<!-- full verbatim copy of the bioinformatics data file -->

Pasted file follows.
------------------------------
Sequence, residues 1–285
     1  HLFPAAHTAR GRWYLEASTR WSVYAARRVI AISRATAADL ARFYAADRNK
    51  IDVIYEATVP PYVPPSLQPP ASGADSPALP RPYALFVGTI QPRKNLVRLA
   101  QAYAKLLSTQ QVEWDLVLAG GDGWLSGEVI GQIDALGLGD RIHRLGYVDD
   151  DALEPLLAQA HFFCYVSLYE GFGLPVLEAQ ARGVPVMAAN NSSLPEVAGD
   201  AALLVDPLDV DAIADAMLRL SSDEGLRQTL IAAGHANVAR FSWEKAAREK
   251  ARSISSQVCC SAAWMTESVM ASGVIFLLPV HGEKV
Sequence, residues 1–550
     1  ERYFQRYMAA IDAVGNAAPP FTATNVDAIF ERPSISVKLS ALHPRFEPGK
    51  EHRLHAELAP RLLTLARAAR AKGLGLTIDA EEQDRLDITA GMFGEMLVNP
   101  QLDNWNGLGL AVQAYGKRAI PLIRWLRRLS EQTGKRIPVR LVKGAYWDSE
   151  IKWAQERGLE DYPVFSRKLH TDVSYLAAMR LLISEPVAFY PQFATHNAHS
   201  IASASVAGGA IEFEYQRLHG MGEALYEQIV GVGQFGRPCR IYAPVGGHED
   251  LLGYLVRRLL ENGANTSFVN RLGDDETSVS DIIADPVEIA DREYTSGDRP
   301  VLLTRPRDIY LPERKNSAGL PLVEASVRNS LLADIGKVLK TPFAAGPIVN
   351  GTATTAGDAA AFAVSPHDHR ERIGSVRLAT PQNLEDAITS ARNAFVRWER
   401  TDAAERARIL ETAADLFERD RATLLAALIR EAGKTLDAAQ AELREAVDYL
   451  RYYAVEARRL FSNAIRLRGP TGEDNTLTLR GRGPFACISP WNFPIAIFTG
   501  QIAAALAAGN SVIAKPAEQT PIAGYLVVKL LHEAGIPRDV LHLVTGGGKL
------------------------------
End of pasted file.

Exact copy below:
Sequence, residues 1–285
     1  HLFPAAHTAR GRWYLEASTR WSVYAARRVI AISRATAADL ARFYAADRNK
    51  IDVIYEATVP PYVPPSLQPP ASGADSPALP RPYALFVGTI QPRKNLVRLA
   101  QAYAKLLSTQ QVEWDLVLAG GDGWLSGEVI GQIDALGLGD RIHRLGYVDD
   151  DALEPLLAQA HFFCYVSLYE GFGLPVLEAQ ARGVPVMAAN NSSLPEVAGD
   201  AALLVDPLDV DAIADAMLRL SSDEGLRQTL IAAGHANVAR FSWEKAAREK
   251  ARSISSQVCC SAAWMTESVM ASGVIFLLPV HGEKV
Sequence, residues 1–550
     1  ERYFQRYMAA IDAVGNAAPP FTATNVDAIF ERPSISVKLS ALHPRFEPGK
    51  EHRLHAELAP RLLTLARAAR AKGLGLTIDA EEQDRLDITA GMFGEMLVNP
   101  QLDNWNGLGL AVQAYGKRAI PLIRWLRRLS EQTGKRIPVR LVKGAYWDSE
   151  IKWAQERGLE DYPVFSRKLH TDVSYLAAMR LLISEPVAFY PQFATHNAHS
   201  IASASVAGGA IEFEYQRLHG MGEALYEQIV GVGQFGRPCR IYAPVGGHED
   251  LLGYLVRRLL ENGANTSFVN RLGDDETSVS DIIADPVEIA DREYTSGDRP
   301  VLLTRPRDIY LPERKNSAGL PLVEASVRNS LLADIGKVLK TPFAAGPIVN
   351  GTATTAGDAA AFAVSPHDHR ERIGSVRLAT PQNLEDAITS ARNAFVRWER
   401  TDAAERARIL ETAADLFERD RATLLAALIR EAGKTLDAAQ AELREAVDYL
   451  RYYAVEARRL FSNAIRLRGP TGEDNTLTLR GRGPFACISP WNFPIAIFTG
   501  QIAAALAAGN SVIAKPAEQT PIAGYLVVKL LHEAGIPRDV LHLVTGGGKL